Court of Criminal Appeals
Blackshear v. State
No. PD-0889-11 12/19/12
Did the trial court properly deny the defendant’s oral and unsworn motion for continuance to obtain a trial transcript after the court granted a mistrial on punishment?
Yes. CCP art. 29.03 requires a written motion for continuance with sufficient cause shown, and there is no due process exception to that requirement. The oral, unsworn motion did not properly preserve the issue for appeal, and the trial court’s judgment should be reinstated.
The defendant wanted to make the issue in this case about his need for a trial transcript, but he moved for a continuance. The law on an oral motion for continuance has become quite clear from the Court of Criminal Appeals: You cannot do it. The court appears to be pretty unwavering on this holding.
Texas Courts of Appeals
Hughes v. State
No. 07-12-0352-CR 12/14/12
Were a defendant’s pleas of “guilty” to violations of conditions of community supervision sufficient to support revocation?
Yes. Even though a plea of “true” is the usual response, a plea of “guilty” is an admission, the proceedings were administrative in nature, and the State was not required—as mandated for guilty pleas under CCP art. 1.15—to tender supporting evidence.
This was a rather novel approach by the defendant—trying to place the burden upon the State in the same way that the State has the burden to introduce evidence (usually a stipulation) to support a defendant’s guilty plea to a criminal conviction. But the law is otherwise well settled that an affirmative plea to allegations in a motion to revoke probation is sufficient to support the trial court’s granting of the motion, whether the defendant pleads “guilty” or “true.”
Gaitan v. State
Nos. 07-12-0049/0050-CR 12/17/12
Was the evidence sufficient to show that the defendant 1) attempted to conceal, destroy, or alter a weapon, or 2) possessed it?
Yes, even in light of recent opinions restricting the meaning of the word “conceal.”
Acquittal is appropriate. “I am bothered by the frequency with which prosecutors of this State have turned to §37.09 of the Texas Penal Code to ‘double-down’ on defendants by seeking a second conviction for “tampering with evidence” when an accused merely acts to dispossess himself or herself of evidence of another crime.” Read dissent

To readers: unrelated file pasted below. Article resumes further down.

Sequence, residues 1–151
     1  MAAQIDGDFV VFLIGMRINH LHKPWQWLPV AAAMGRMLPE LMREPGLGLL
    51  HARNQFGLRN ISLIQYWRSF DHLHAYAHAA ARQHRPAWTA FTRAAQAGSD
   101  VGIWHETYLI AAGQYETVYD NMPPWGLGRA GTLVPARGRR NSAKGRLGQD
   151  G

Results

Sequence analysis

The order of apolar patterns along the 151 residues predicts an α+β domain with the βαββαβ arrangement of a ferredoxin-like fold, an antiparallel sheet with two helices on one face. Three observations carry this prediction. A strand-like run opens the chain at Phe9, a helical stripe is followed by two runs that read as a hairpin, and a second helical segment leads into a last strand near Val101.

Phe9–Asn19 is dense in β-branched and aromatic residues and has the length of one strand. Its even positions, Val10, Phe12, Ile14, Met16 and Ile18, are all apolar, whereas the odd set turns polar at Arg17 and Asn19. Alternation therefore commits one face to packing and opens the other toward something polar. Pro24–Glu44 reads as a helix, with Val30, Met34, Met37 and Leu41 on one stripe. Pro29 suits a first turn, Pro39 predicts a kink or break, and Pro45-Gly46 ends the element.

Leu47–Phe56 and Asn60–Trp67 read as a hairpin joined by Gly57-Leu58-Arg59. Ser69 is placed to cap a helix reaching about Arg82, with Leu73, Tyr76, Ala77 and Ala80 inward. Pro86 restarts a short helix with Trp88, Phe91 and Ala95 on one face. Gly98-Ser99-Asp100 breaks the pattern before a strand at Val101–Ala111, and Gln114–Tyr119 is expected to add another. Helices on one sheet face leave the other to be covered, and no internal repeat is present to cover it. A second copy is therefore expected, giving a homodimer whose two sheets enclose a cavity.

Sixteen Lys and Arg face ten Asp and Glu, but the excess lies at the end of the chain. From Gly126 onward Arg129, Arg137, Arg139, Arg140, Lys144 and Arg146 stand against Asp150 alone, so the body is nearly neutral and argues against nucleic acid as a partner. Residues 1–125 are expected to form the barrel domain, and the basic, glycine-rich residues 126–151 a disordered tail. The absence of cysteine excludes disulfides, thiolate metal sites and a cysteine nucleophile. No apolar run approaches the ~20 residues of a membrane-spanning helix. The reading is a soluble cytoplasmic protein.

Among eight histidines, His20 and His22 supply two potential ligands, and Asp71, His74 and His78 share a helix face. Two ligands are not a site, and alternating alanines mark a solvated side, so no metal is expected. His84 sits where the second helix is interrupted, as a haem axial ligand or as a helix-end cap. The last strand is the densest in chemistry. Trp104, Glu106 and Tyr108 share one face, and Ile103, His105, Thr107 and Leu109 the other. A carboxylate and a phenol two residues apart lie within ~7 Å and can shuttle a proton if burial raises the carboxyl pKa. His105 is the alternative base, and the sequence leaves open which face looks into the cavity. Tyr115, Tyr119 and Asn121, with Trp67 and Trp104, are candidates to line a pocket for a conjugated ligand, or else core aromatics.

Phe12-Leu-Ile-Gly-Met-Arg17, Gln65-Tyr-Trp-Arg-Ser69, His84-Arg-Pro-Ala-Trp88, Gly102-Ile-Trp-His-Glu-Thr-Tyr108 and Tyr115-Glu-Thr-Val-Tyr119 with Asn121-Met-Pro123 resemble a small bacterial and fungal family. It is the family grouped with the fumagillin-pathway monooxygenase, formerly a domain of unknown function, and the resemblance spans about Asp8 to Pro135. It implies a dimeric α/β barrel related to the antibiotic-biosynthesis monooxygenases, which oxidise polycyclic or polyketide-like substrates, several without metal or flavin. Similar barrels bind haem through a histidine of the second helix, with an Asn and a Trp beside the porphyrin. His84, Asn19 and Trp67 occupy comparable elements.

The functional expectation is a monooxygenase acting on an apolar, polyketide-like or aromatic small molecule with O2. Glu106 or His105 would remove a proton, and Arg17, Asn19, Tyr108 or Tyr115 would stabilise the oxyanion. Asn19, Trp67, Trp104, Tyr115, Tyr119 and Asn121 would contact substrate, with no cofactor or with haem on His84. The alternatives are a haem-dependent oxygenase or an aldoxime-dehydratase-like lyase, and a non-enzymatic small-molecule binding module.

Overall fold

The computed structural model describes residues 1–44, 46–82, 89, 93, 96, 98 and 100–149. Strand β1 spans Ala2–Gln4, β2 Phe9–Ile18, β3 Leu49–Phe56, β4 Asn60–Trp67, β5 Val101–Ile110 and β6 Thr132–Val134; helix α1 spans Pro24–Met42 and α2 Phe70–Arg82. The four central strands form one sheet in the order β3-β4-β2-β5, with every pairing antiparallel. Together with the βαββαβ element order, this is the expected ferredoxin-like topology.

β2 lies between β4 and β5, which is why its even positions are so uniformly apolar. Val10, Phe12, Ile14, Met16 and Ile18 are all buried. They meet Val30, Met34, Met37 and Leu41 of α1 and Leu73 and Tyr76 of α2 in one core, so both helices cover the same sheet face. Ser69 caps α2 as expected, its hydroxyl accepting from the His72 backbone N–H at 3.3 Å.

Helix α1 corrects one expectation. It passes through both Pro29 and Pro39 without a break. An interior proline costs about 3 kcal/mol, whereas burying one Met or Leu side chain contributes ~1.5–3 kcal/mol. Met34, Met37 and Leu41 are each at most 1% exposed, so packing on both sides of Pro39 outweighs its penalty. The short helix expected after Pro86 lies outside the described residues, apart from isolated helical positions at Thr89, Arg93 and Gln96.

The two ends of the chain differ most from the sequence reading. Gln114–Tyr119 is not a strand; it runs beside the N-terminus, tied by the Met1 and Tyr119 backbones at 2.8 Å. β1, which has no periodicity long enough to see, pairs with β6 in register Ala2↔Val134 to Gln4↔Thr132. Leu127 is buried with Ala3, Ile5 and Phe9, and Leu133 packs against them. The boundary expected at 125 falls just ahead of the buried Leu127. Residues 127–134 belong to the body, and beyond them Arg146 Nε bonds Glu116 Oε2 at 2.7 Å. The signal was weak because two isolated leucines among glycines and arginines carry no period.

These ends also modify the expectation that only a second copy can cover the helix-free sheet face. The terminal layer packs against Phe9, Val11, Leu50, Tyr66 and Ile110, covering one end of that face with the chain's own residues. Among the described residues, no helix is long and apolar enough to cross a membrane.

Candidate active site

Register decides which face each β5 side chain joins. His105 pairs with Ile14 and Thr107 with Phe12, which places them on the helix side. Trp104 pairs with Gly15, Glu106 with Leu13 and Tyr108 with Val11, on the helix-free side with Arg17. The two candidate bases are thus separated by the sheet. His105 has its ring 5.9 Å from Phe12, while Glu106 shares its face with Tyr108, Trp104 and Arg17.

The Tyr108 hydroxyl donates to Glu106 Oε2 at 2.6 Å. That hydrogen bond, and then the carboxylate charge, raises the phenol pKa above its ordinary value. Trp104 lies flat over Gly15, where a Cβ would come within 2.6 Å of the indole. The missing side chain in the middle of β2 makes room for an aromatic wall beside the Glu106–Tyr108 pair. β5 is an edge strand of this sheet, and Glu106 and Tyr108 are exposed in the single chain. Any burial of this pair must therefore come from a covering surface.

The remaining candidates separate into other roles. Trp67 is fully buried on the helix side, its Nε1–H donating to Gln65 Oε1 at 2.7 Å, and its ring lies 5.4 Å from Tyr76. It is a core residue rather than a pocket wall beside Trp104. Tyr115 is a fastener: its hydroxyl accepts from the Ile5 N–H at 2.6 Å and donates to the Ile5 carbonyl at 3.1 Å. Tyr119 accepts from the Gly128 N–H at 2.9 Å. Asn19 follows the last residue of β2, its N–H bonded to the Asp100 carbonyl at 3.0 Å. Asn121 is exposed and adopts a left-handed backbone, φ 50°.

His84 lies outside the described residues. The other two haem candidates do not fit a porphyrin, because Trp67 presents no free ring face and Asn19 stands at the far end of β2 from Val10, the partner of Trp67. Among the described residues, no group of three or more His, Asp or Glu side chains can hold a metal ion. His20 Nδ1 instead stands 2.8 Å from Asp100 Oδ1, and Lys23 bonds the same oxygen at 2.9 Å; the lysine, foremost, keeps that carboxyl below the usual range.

There is very little analysis in the majority or the dissenting opinion, so it is not clear whether this controversy will capture the attention of the Court of Criminal Appeals. I personally was not aware of the “frequency” with which prosecutors were filing “tampering with evidence” charges against defendants who had abandoned property. Nevertheless, as the majority has done in this case, I would let the jury decide.
Wilson v. State
No. 14-09-01040-CR 12/13/12 (not desig. for pub.)
In the wake of Miller v. Alabama, 567 U.S. ___, 132 S.Ct. 2455 (2012), what should an appellate court do about a 17-year-old capital murderer sentenced to life without parole?
A sentence that is not statutorily authorized cannot be reformed, so the case is remanded for a new punishment hearing.
This is a problem that must be remedied by the Legislature or the Governor. This case is remanded for a new punishment hearing because the sentence is not authorized. For juvenile offenders, the proper punishment is now life with parole. The problem is that, for those offenses committed before that change in the law or for those offenses to which the change in the law does not apply, the Legislature has not enacted an authorized punishment if the defendant was 17 years or younger at the time that he committed the capital murder. And the Governor has not commuted those cases to life with parole (yet). So a new punishment hearing is not really going to help in most of these situations. Keep your eyes on the Legislature this session to see what remedy gets proposed. Also be aware that defense lawyers are challenging mandatory punishments for juvenile offenders or others, claiming that the United States Supreme Court would require a range of punishment to be available to the jury, and not just life as the only possible punishment for capital murder. Stay tuned.